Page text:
Alas this is actually the Japanese approach. That's why we have bureaucrats telling us to not walk on escalators and be careful not to choke when eating omochi at New Year's, etc.

In most of the world, lying when money is involved is generally a crime.

Not sure that stops people lying in those places you refer to, but I'm not against simple laws that can be applied flexibly. If Japan wants to have a law that says "thou shalt not lie about your products" that's OK with me, but I don't want a bunch of prescriptive laws dictating in fine details how every single type of business operator should go about what it is they want to do. That stifles innovation, and wastes my taxes.

2 ( +3 / -1 )

No one said free market capitalism is perfect, only that it is the best option we have.

Except that it's not. Regulated capitalism is the best option. Free-market just leaves the people in power to become more powerful, without the people at the bottom having any chance of upward mobility.

Capitalism is the best option. But not free-market. That's at best only slightly better than capitalism.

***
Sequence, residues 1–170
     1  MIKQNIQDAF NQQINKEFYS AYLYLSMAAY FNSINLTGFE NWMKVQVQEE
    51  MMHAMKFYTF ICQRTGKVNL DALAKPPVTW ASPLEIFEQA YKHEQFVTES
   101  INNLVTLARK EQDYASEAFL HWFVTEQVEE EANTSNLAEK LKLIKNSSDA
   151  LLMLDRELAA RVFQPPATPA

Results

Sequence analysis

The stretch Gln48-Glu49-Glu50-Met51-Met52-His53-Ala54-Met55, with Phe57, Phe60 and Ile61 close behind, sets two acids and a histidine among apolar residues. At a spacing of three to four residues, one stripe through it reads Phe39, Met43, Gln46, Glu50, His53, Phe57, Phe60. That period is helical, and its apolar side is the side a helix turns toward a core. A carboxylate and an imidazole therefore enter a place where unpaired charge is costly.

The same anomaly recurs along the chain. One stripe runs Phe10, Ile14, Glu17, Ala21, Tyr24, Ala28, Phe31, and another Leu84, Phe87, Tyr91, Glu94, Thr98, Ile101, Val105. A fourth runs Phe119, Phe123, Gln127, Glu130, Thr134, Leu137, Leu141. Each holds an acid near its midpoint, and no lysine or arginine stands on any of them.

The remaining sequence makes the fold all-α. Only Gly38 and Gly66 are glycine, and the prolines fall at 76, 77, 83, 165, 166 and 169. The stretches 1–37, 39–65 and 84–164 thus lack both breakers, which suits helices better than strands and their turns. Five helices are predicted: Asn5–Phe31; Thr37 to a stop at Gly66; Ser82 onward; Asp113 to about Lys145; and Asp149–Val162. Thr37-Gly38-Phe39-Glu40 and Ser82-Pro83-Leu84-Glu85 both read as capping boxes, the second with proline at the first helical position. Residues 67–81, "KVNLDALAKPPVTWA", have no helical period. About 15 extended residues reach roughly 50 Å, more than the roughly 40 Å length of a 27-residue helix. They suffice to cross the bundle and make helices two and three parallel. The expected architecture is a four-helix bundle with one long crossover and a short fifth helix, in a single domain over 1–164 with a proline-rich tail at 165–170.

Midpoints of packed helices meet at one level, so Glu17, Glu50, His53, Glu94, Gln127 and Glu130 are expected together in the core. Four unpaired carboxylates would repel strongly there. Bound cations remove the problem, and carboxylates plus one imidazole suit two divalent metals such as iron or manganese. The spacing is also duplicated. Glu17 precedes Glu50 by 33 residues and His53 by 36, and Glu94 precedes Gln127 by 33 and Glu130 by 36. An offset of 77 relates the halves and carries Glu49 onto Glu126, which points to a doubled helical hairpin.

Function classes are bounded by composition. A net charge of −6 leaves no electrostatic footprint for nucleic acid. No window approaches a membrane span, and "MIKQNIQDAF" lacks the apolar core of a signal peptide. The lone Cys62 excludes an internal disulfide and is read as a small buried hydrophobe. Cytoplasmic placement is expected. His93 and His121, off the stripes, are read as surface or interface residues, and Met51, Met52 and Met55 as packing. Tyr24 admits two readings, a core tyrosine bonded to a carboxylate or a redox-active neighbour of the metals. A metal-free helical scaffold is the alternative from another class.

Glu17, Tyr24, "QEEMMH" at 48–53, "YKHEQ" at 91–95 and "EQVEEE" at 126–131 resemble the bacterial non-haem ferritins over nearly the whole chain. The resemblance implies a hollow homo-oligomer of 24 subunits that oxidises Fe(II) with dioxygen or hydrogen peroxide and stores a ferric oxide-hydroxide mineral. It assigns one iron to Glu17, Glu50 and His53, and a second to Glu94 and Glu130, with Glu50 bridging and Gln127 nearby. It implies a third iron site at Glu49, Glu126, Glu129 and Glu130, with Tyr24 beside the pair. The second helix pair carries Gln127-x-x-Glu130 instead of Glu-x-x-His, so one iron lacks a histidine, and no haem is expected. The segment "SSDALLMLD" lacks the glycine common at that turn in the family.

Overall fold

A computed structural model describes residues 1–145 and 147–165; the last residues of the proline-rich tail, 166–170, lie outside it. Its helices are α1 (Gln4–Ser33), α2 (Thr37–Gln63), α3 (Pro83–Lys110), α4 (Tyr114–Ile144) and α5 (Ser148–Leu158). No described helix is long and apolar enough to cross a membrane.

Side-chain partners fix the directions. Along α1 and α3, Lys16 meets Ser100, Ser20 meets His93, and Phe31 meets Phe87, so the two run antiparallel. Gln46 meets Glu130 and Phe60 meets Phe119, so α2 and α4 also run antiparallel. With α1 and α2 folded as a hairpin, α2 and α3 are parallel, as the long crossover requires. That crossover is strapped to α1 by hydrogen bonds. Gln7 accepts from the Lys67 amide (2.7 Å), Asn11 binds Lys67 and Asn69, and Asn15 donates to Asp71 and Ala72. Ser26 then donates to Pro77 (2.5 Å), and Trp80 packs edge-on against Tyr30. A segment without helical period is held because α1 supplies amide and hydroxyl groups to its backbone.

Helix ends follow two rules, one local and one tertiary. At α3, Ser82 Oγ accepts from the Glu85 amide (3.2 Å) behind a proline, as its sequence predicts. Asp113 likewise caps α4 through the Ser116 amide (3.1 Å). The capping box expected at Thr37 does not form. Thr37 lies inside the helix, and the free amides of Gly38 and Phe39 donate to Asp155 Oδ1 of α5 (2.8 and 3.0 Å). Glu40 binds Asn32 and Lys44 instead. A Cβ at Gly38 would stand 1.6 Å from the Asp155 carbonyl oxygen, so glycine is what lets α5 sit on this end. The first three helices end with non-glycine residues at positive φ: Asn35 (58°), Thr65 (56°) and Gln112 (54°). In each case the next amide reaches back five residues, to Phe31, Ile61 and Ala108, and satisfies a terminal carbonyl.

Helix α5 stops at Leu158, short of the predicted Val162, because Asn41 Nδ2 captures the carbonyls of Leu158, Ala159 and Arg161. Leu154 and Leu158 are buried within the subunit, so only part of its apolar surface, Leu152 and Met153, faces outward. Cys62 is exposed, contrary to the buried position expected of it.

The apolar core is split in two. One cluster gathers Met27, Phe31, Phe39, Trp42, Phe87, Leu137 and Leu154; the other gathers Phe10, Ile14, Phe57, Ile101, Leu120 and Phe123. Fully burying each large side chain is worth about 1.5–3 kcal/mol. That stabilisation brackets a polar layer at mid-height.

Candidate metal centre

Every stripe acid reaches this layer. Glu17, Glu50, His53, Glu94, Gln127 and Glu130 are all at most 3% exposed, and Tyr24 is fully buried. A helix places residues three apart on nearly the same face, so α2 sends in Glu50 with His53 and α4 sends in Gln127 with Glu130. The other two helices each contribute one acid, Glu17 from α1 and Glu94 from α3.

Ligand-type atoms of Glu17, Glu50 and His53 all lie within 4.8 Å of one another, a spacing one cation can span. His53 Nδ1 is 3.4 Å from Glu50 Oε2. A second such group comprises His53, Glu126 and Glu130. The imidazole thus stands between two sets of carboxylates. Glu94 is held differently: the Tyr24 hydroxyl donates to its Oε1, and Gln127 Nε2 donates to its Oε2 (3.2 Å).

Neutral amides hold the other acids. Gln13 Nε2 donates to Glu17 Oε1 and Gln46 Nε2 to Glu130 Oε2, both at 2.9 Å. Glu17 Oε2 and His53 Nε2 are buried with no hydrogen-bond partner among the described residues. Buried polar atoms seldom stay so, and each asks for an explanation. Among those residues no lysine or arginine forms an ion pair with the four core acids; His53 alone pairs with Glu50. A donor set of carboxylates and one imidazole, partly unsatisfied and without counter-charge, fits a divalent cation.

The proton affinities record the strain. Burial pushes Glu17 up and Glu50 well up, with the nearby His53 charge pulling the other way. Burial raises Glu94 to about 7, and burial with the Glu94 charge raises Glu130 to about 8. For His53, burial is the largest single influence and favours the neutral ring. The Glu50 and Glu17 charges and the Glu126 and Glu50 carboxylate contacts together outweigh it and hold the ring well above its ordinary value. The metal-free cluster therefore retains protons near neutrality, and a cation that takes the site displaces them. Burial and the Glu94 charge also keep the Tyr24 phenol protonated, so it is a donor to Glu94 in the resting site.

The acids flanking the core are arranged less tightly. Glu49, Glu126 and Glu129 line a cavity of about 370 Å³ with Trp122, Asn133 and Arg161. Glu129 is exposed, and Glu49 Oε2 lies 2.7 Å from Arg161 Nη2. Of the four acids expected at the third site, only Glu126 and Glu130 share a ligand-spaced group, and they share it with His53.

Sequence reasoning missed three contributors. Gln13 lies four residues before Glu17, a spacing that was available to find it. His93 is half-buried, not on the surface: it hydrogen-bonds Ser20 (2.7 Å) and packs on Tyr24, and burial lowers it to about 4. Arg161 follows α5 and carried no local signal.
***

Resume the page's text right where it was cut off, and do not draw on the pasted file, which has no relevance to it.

-2 ( +1 / -3 )

Of course consumers will be pissed. Oil prices is not cheap eventhough it is not a high as before. Any claims to make your car fuel efficient will be taken into scepticism from now on regardless of the car makers.

-2 ( +1 / -3 )

Free market capitalism doesn't mean there are no laws, but it means the government allows the playing field to be fair.

Consider Japan's butter market. It is not free at all. The people who produce (insufficient) butter are artificially protected through exorbitant price controls, which results in the people at the bottom have less chance of being able to afford products derived from butter.

If the market were free, the butter producers would lose their vested interests, and supply of butter from overseas would flood in and more consumers would be able to enjoy products derived from butter.

Free markets are the best. It doesn't mean there are no laws. But it does mean that government gets out of the way of consumer and producer choices.

2 ( +3 / -1 )

Free market capitalism doesn't mean there are no laws, but it means the government allows the playing field to be fair.